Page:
he says of the series. Poletaev's choice of subject matter has always been
safe, to be sure — one can easily imagine prints of these works decorating
the walls of fine hotels in the heart of any of the cities Poletaev has
presented — but it is also free of pretense. What you see is what you get.
Left : MM-2017-42. Below : MM-2017-54. Bottom : MM-2017-17. All artwork 2017 ballpoint pen, graphite & water-color on A4 size watercolor paper, 21 x 29.7cm (8.27 x 11.75'').
All artwork © Andrey Poletaev.
PENNAME by R. Bell posted May 13, 2017
TITLE ・DATE ・MEDIUM ・SIZE
ARCHIVEFEATURES more links on the ARCHIVE page
Article text ...
Link to the full article in the Ballpointer ARCHIVES...
Artwork, at right & below-right : MM-2017-49, MM-2017-4, both 2017, ballpoint pen, graphite & watercolor on A4-size watercolor paper, 21 x 29.7cm (8.27 x 11.75'').
Below : Pedestrian Crossing 2016, ballpoint pen on paper, 73 x 55cm (30 x 22'').
All artwork © Andrey Poletaev・For more art, info, contact: www.poletaevart.com
Poletaev Light might not be enough for longtime fans spoiled to his richly detailed Cityscapes, but the artist promises more of those, too. One of his most recent, Pedestrian Crossing (2016, pictured), shows Poletaev continuing to do what he does best: ballpoint precision in every shadow, reflection and architectural detail. Contemporary art enthusiasts with overly intellectualized tastes might require more than what is offered in Poletaev's Miniatures — many of which are now with an American representative in Nashville, Tennessee, awaiting exhibition — and there are already apps which alter photographs in similar ways, but that's where the ballpoint 'wow' factor comes into play, trumping modern hi-definition computer-programmed effects with good ol' hands-on mastery of the pen, even when there's more paper than ink・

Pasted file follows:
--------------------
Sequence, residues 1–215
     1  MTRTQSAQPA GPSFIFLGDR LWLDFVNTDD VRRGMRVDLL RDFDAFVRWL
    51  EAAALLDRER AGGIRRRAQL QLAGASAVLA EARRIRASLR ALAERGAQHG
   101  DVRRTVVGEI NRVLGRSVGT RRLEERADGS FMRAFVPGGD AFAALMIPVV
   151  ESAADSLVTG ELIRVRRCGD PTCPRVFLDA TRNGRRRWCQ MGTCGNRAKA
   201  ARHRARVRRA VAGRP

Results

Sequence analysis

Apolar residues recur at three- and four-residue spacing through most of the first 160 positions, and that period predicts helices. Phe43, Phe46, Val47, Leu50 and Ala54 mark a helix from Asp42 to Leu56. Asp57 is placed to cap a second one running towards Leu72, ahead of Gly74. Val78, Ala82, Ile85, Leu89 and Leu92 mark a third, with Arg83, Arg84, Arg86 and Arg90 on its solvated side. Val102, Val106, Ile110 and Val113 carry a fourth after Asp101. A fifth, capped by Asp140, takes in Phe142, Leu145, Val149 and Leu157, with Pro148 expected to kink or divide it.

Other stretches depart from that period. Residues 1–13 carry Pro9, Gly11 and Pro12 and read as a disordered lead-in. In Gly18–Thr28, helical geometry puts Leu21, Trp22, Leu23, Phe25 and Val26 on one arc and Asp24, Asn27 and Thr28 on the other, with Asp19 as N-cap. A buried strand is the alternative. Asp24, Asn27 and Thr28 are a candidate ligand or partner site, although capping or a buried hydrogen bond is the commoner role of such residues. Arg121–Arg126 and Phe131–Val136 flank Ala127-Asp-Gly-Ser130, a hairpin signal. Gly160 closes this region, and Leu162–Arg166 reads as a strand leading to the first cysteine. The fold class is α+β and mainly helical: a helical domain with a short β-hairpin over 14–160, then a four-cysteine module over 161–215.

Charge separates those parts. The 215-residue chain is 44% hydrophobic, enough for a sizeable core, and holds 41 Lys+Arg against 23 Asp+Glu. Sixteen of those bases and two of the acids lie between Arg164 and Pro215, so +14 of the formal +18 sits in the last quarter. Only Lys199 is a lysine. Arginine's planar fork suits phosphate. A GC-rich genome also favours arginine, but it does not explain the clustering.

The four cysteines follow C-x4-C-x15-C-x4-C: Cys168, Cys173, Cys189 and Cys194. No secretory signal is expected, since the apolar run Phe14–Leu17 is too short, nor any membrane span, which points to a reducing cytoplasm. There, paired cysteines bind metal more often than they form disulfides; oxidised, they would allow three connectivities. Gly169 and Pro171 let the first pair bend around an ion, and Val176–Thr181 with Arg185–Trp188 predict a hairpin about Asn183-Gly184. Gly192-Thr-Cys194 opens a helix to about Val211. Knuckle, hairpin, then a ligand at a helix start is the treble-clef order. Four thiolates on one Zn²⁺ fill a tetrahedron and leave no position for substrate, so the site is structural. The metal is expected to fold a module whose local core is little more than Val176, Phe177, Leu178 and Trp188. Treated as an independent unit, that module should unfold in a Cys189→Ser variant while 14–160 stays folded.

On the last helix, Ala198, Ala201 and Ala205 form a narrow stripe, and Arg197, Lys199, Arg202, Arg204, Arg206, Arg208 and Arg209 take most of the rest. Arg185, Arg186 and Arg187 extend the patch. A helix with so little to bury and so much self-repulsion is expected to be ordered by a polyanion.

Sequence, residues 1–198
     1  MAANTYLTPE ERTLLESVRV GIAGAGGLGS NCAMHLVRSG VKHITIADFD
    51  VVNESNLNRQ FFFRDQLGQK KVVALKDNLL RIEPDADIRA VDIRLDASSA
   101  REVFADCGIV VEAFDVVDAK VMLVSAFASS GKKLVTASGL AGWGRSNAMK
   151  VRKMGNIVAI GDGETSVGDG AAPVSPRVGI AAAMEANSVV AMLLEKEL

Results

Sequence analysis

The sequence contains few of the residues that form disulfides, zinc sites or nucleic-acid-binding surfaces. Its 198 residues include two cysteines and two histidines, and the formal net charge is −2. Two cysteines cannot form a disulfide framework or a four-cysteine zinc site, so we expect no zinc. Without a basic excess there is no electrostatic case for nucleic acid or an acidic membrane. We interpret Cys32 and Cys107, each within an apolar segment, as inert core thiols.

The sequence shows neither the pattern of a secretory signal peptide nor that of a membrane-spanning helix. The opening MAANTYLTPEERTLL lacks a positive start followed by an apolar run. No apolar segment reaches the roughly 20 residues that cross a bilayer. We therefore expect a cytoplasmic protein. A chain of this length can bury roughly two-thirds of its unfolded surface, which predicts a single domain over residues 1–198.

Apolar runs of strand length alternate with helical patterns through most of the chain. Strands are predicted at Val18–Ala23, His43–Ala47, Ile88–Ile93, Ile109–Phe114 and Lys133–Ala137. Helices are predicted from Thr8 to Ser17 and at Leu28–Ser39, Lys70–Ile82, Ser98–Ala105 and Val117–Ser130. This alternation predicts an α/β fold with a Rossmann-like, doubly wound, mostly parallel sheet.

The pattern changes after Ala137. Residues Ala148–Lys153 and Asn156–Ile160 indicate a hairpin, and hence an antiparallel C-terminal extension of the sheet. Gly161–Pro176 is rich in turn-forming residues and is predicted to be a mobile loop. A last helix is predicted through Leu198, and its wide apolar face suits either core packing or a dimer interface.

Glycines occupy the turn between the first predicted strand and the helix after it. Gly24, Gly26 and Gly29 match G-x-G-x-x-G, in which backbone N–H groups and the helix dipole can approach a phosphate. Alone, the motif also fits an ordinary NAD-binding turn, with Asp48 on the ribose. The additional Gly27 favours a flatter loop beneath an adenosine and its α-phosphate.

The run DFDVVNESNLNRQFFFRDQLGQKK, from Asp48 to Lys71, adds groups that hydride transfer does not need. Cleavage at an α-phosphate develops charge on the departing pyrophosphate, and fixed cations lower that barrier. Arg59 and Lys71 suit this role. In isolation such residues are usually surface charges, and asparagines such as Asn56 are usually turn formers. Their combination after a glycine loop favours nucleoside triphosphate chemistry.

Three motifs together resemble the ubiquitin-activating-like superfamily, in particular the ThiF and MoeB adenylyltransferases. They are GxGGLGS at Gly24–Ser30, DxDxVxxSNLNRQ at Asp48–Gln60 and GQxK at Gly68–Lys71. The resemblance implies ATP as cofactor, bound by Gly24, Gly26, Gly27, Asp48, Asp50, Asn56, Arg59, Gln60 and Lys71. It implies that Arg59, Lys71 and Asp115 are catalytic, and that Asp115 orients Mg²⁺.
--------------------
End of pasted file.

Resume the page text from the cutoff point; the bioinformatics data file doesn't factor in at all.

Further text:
PENNAME by R. Bell originally posted May 13, 2017
Mixed & Matched・Town, Country
TITLE ・DATE ・MEDIUM ・SIZE
Poletaev downshifts and gets imaginative again with his
Miniatures, but here he pursues less labor-intensive ways of